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Wednesday, 4 June 2014

looking at oral hearings before the Parole Board, the new listing policy and what can be done about delays that may be encountered.

I am due a Review. What can I expect?

If you are subject to a Parole or Recall Review you will be provided with a Parole Dossier or Recall pack. This is all the information that the Parole Board will have about you when they come to make a decision about your case. Any additional reports written about you will be added into that dossier or pack of papers.
All those subject to a Review are entitled to make written representations to be added to the information given to the Parole Board. The content of written representations can and will vary on a case by case basis. As a guide they ought to address what you are seeking as a result of the review. This could be release, progression to open conditions or a deferral of the review process to enable you to access courses. What is important is that the body of the representations set out justification for your application and address whether there is a need for your case to progress to an oral hearing. It is advisable that you seek legal advice about what to put in the written representations, particularly as they may be helpful in ensuring that your case proceeds to an oral hearing.
Not all cases necessarily need to progress to an oral hearing and for some it is beneficial for them to be concluded on the papers alone. This is not a decision that should be taken likely, you should think carefully about whether to get expert advice about what they want to achieve as a result of the review process. Decision letters issued by the Parole Board can often impact upon your sentence planning targets and you may see yourself being prioritised for offending behaviour courses that may be need to be completed before you can be released.


I have made written representations what now?



Some may feel that by simply submitting written representations their voice will not be heard as well as if they were able to address the Parole Board in person. As a result of the case of Osborn, Booth and Reilly a prisoner who wishes to have an oral hearing is likely to be able to argue that their case should progress to an oral hearing. If in any doubt the Parole Board are directed to hold a hearing. What has been clear is that fairness to the prisoner in the individual case before the Board is the over-riding factor. This is quite clearly a positive change in policy for those wanting an oral hearing.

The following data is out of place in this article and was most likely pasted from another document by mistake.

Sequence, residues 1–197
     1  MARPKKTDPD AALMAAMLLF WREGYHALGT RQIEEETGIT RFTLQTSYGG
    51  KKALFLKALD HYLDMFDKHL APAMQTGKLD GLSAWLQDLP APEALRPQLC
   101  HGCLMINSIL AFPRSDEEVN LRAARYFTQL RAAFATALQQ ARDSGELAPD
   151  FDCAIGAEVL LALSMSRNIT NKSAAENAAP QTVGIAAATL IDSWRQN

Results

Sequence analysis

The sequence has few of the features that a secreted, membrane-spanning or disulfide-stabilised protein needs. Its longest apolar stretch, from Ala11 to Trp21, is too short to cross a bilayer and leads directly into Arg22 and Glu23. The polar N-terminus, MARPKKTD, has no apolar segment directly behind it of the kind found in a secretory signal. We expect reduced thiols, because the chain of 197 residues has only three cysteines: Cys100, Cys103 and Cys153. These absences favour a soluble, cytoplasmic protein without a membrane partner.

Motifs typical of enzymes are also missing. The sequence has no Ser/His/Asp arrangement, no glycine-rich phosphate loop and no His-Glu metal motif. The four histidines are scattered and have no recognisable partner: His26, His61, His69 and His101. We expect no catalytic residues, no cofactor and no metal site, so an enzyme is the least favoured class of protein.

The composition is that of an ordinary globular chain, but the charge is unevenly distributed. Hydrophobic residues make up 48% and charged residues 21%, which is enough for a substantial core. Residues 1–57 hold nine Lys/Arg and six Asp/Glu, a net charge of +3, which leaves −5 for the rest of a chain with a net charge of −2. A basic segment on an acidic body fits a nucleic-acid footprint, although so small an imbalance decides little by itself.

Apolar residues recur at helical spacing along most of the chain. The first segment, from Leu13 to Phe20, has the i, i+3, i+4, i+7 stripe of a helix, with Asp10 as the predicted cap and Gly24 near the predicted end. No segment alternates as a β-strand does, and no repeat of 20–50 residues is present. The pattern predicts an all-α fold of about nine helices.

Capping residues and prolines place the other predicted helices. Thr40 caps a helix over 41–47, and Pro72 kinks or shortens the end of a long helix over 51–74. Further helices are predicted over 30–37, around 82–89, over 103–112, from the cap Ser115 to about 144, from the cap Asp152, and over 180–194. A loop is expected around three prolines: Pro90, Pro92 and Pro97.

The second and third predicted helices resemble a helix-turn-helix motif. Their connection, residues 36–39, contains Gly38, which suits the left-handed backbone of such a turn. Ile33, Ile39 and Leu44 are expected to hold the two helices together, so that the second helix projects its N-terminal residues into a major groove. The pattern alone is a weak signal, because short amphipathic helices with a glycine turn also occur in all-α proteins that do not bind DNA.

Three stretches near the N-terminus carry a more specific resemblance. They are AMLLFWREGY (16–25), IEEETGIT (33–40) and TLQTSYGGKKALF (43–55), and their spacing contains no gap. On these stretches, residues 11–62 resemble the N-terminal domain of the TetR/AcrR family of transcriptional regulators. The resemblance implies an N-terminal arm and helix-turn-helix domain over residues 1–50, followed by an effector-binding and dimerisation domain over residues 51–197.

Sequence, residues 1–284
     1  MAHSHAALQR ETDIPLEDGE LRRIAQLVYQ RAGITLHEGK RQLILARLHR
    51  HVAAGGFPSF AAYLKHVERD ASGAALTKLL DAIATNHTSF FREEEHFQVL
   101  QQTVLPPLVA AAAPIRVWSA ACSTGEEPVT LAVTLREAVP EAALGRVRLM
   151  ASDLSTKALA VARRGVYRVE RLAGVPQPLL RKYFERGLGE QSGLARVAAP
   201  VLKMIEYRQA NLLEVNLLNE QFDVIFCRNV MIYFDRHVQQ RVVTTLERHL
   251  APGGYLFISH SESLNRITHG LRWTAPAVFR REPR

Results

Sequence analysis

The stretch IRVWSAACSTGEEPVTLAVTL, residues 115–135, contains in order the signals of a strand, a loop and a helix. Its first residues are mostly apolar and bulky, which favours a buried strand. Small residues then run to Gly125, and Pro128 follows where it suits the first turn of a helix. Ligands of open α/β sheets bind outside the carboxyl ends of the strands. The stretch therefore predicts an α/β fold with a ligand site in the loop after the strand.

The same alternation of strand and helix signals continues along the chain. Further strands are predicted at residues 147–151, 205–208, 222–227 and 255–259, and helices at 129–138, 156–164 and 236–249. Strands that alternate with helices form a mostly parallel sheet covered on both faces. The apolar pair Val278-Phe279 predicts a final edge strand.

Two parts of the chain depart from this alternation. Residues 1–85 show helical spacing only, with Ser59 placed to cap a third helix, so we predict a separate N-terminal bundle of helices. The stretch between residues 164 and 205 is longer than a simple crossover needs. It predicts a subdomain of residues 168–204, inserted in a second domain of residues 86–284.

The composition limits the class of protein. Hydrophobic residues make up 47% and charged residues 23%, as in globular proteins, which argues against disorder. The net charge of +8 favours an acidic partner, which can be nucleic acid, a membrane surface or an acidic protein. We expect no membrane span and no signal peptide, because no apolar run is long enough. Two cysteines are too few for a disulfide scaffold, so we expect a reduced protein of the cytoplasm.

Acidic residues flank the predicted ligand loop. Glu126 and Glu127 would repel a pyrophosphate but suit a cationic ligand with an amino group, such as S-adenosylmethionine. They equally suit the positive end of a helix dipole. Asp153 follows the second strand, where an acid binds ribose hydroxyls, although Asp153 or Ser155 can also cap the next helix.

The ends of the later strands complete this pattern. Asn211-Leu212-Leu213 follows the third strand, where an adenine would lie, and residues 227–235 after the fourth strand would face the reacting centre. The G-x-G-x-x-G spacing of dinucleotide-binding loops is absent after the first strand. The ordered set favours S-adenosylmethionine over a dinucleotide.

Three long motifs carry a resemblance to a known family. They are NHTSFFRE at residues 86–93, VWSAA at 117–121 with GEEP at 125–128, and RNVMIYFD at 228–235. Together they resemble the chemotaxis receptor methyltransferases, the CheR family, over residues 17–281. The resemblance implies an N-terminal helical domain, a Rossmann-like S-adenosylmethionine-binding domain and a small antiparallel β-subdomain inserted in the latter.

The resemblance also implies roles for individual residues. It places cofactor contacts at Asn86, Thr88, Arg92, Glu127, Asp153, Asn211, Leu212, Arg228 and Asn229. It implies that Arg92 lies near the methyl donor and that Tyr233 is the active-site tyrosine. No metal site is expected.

Once the Parole Board have considered the paper review, a decision letter will be issued to confirm whether a case has been concluded on the papers or is being progressed to an oral hearing. That letter will set out any directions or things that the Parole Board would like to be seen done prior to the hearing taking place. This will usually include updated reports from those working with you or reports or documents that were missing that the Parole Board wants to consider. It will also indicate the witnesses that the Parole Board will want to be at the hearing to give evidence.
In the event that your request for an oral hearing has been refused, you will have the chance to appeal against this decision by making further written representations. There are time limits in order for this to be done and it is almost always advisable for you to seek expert advice about how to go about drafting any appeal representations.